Tuesday, August 20, 2013
Brandon J. Murrill
Specialist in Environmental Policy
Hydraulic fracturing is a technique used to recover oil and natural gas from underground low permeability rock formations. Its use along with horizontal drilling has been responsible for an increase in estimated U.S. oil and natural gas reserves. Hydraulic fracturing and related oil and gas production activities have been controversial because of their potential effects on public health and the environment. Several environmental statutes have implications for the regulation of hydraulic fracturing by the federal government and states.
An amendment to the Safe Drinking Water Act (SDWA) passed as a part of the Energy Policy Act of 2005 (EPAct 2005) clarified that the Underground Injection Control (UIC) requirements found in the SDWA do not apply to hydraulic fracturing, although the exclusion does not extend to the use of diesel fuel in hydraulic fracturing operations. The underground injection of wastewater generated during oil and gas production (including hydraulic fracturing) does require a UIC permit under the SDWA, as do injections for enhanced oil and gas recovery operations. Under the Clean Water Act (CWA), parties seeking to discharge produced water may have to apply for a permit under the National Pollutant Discharge Elimination System. Under the Clean Air Act (CAA), the Environmental Protection Agency (EPA) has issued new rules covering emissions of volatile organic compounds from hydraulic fracturing operations.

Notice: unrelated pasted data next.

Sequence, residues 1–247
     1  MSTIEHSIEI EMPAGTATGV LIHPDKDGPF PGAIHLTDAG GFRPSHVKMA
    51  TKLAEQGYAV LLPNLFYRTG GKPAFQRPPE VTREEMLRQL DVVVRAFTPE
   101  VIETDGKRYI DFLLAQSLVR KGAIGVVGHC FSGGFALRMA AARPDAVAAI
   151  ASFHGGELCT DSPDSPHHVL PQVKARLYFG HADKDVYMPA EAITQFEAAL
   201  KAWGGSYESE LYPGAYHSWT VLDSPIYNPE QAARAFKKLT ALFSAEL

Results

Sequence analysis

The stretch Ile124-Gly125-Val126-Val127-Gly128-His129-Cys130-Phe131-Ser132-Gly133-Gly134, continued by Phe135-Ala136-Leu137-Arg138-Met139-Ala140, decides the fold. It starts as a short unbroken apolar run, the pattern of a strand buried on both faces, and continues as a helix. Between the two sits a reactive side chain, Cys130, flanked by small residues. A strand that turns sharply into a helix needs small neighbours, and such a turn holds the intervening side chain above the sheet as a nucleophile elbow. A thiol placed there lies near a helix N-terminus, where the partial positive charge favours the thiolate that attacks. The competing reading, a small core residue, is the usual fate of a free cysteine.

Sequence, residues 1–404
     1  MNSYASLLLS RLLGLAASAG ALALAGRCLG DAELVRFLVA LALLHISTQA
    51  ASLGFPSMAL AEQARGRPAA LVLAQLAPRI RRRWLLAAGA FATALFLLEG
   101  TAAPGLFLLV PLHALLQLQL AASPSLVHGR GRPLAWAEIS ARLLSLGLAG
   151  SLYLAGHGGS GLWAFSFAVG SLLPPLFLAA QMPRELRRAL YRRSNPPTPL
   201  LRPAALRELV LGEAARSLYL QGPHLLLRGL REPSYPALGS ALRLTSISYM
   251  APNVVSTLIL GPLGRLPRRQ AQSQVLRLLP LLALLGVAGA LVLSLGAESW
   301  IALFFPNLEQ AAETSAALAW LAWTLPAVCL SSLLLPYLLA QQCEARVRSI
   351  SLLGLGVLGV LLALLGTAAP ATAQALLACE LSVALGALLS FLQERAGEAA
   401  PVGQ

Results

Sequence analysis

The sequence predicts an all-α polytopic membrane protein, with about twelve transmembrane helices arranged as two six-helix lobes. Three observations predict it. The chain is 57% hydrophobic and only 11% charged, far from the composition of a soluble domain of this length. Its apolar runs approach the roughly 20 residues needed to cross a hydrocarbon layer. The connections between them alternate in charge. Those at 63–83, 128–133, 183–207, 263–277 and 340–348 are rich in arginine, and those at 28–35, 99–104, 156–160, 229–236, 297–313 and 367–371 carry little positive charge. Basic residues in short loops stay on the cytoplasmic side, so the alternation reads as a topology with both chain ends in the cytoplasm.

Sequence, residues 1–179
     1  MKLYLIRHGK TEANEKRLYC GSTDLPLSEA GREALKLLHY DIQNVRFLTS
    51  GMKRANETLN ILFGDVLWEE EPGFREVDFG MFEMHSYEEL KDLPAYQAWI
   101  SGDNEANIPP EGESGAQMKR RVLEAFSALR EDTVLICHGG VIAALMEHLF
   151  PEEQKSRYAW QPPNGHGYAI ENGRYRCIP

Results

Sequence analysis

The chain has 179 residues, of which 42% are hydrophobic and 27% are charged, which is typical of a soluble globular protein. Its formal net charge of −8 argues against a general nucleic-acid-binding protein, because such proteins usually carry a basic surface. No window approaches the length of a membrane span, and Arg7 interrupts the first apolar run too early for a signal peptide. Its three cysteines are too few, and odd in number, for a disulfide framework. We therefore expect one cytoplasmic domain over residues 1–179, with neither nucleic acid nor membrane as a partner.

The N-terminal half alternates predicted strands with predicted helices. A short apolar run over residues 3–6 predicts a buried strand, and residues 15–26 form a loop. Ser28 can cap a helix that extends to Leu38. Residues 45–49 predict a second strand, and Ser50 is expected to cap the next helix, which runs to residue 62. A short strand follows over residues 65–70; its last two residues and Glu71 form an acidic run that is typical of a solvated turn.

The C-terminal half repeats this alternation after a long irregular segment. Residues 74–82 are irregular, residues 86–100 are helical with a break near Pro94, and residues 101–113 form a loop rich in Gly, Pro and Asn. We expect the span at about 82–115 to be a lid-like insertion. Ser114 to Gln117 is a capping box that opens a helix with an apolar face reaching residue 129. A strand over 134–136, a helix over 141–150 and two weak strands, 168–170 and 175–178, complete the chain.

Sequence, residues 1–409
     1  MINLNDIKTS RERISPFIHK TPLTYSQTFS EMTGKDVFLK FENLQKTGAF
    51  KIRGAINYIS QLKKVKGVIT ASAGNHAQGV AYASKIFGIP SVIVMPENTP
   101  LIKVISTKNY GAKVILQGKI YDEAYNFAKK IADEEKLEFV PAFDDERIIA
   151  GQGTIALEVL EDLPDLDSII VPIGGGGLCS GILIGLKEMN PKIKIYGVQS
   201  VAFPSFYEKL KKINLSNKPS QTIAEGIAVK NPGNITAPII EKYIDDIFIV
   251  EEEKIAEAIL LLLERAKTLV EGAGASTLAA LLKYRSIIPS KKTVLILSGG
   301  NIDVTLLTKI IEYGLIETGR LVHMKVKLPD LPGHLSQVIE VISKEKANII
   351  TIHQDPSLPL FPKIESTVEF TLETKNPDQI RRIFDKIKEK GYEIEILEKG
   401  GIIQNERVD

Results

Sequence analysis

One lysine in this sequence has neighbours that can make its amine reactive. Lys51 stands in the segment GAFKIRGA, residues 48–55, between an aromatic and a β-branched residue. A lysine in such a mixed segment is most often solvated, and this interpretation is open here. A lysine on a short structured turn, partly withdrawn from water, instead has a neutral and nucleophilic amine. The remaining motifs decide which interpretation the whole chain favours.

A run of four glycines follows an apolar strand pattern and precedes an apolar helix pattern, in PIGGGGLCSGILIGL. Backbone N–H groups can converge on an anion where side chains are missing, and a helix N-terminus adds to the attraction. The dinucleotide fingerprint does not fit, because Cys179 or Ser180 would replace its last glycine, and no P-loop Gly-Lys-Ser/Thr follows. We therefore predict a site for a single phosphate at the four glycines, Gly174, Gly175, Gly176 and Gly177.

Provisions of the Resource Conservation and Recovery Act (RCRA) exempt drilling fluids, produced waters, and other wastes associated with the exploration, development, or production of crude oil, natural gas, or geothermal energy from regulation as hazardous wastes under Subtitle C of RCRA. However, these wastes are subject to other federal laws (such as the SDWA and the CWA), as well as to state requirements. Facility owners and operators and other potentially responsible parties could potentially face liability under the Comprehensive Environmental Response, Compensation, and Liability Act (CERCLA) for cleanup costs, natural resource damages, and the costs of federal public health studies, if hydraulic fracturing results in the release of hazardous substances at or under the surface in a manner that may endanger public health or the environment.
The National Environmental Policy Act (NEPA) requires federal agencies to consider the environmental impacts of proposed federal actions before proceeding with them. An agency would be obligated to consider the impacts of an action that involves hydraulic fracturing if that action takes place on federal lands or when there is otherwise a sufficient federal nexus to hydraulic fracturing.
Under the Emergency Planning and Community Right-to-Know Act (EPCRA), owners or operators of facilities where certain hazardous hydraulic fracturing chemicals are present above certain thresholds may have to comply with emergency planning requirements; emergency release notification obligations; and hazardous chemical storage reporting requirements. In August 2011, environmental groups petitioned EPA to promulgate rules under Section 4 and Section 8 of the Toxic Substances Control Act (TSCA) for chemical substances and mixtures used in oil and gas exploration or production.
Hydraulic fracturing tort litigation has raised questions about causation; whether hydraulic fracturing is an abnormally dangerous activity; and whether hydraulic fracturing may constitute a subsurface trespass to land.
Date of Report: July 16, 2013
Number of Pages: 38
Order Number: R43152
R43152.pdf to use the SECURE SHOPPING CART
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Posted by Penny Hill Press, Inc. at Tuesday, August 20, 2013